In the science of body composition, the underlying premise is that - where you begin, or rather how you begin, determines how you´ll end up. Essentially, growth patterns in early childhood affect health in later life.
Research shows that a child´s weight at birth is an indicator of the probability of that child developing chronic diseases like diabetes and hypertension in middle age.
"Most nutrition scientists agree that if you want to provide children with a better possibility to survive and grow into healthy, productive adults, you need to intervene when they are between 0 and 2 years old," says Lena Davidsson, Head of the IAEA´s Nutritional and Health-related Environmental Studies Section.
To determine if a child is at risk, doctors and nurses need to know the proportion of the baby´s fat to muscle mass, and whether it is appropriate for the child´s age. Also, they need to know how quickly the baby is putting on weight, which is an indicator of future health risk.
A number of methods are used to assess body composition, and nuclear techniques are the best available to determine the muscle, bone, fat and water content of the body.
"We´re trying to establish what is a standard for normal growth and what is the allowable variation within that," explains Kenneth Ellis, from the Children´s Nutrition Research Center at Baylor College of Medicine in the USA.
"And if we can set these standards and someone starts to deviate from those ranges or going on a path where it looks like they´re going outside these ranges, health workers can then choose a nutritional intervention to set the child back on the right track."
Based on data collected in several countries, the World Health Organisation (WHO) recently created a document that describes how children grow "normally" in various countries, as a guide to health workers. This document - presented in chart form for easy use - is based on body weight, length and height.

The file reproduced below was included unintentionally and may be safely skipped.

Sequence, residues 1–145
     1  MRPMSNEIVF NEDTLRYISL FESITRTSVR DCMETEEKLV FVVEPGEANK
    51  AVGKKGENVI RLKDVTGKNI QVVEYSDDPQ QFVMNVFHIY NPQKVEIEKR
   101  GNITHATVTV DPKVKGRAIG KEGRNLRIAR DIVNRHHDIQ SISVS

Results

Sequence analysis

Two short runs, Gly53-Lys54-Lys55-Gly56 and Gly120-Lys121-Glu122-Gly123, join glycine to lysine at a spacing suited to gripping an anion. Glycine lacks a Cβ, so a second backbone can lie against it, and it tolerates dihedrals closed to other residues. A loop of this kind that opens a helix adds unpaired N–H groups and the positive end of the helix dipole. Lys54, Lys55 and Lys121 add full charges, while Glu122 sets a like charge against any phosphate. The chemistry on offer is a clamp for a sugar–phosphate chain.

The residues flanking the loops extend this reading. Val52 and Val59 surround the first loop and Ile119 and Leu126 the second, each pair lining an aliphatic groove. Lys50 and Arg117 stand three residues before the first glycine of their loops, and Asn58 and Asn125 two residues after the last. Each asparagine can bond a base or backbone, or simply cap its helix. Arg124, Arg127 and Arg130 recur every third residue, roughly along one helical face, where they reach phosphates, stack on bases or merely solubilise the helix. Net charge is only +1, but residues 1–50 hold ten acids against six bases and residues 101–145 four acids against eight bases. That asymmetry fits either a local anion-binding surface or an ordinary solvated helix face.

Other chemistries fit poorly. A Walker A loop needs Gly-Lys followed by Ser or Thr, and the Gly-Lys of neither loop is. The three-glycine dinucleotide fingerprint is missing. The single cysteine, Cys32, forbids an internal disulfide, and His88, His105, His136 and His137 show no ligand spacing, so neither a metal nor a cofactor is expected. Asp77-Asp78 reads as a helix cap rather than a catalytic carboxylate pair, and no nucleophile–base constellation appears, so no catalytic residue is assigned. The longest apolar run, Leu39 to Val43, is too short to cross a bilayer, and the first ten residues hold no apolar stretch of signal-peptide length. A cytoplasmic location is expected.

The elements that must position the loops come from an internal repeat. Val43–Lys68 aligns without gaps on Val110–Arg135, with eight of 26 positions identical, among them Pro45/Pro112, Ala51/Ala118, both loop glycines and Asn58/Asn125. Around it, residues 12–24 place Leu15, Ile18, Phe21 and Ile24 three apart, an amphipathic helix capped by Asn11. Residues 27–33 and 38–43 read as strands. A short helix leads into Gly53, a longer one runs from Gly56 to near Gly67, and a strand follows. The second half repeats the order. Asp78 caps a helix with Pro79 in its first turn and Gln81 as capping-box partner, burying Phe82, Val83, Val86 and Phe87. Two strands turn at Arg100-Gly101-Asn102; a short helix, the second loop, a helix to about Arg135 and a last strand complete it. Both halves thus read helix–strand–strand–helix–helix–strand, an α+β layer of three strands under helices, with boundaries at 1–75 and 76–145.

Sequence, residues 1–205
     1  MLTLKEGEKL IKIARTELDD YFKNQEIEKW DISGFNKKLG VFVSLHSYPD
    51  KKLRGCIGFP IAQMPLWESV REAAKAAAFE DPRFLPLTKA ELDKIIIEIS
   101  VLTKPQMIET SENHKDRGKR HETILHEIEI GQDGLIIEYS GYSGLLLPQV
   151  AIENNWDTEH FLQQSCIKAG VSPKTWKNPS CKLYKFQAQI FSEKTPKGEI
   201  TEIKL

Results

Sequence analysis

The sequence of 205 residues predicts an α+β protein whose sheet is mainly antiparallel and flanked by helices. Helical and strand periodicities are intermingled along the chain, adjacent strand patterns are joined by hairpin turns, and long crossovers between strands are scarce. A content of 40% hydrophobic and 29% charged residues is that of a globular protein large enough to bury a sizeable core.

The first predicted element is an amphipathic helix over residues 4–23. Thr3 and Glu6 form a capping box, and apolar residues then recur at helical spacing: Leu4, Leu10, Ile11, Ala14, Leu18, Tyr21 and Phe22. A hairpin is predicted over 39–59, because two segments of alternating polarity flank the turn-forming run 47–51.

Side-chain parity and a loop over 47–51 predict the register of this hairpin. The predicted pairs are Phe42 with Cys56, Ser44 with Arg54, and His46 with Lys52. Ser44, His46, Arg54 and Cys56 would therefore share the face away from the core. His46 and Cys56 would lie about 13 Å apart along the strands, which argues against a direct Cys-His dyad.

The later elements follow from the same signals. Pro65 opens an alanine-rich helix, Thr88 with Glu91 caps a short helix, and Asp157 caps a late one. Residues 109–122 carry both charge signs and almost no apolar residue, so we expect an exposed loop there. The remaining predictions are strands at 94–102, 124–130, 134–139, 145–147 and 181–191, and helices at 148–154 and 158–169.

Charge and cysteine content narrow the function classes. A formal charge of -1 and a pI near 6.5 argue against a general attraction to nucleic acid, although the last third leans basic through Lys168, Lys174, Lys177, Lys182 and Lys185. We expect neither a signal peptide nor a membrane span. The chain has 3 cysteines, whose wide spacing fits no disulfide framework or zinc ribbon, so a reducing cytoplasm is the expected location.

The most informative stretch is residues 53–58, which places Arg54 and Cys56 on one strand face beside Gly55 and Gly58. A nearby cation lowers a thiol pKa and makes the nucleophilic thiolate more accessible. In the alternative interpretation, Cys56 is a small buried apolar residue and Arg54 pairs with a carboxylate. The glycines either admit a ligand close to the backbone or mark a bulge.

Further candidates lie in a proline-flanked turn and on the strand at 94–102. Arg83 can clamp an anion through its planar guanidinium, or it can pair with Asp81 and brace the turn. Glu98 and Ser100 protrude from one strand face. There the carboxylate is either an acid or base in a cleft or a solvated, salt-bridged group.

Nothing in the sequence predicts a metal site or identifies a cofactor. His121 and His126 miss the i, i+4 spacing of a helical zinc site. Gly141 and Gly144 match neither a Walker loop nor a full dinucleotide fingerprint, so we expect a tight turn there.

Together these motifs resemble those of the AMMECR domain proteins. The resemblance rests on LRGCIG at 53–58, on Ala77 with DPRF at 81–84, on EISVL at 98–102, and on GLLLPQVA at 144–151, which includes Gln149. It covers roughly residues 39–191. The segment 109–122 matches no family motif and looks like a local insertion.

The next step is integrating data on body composition into these charts and introducing body composition assessment into the standard package of health care in clinics around the world. The IAEA, along with the WHO and other organisations involved in nutrition studies, is working to achieve that.
"It´s difficult to measure body composition in very young infants," says Davidsson. "There are a number of methods that are used, and some are being used inappropriately; so we need to make sure there is standardisation, that across the world everyone knows how to get the most accurate results."
"The IAEA has a long history of providing guidance on the use of methodologies, and that´s why the Agency is taking the lead on this issue," she says.
In 2010 the IAEA will produce a document on body composition assessment standardisation in children from 0-5 years. A group of nutrition experts from around the world, including the WHO, gathered at the IAEA headquarters last month to discuss the critical areas that the publication would cover.
Nuclear techniques help researchers by increasing the sensitivity and specificity of body composition measurements.
All assessment methods, whether by measuring potassium or body water, aim to determine the proportion of muscle mass and fat. Nuclear techniques for body composition assessment include stable isotope technique and dual energy x-ray absorptiometry (DXA).
Other non-nuclear techniques like bioelectrical impedance (BIA) need to be used in conjunction with nuclear techniques like total body water (TBW).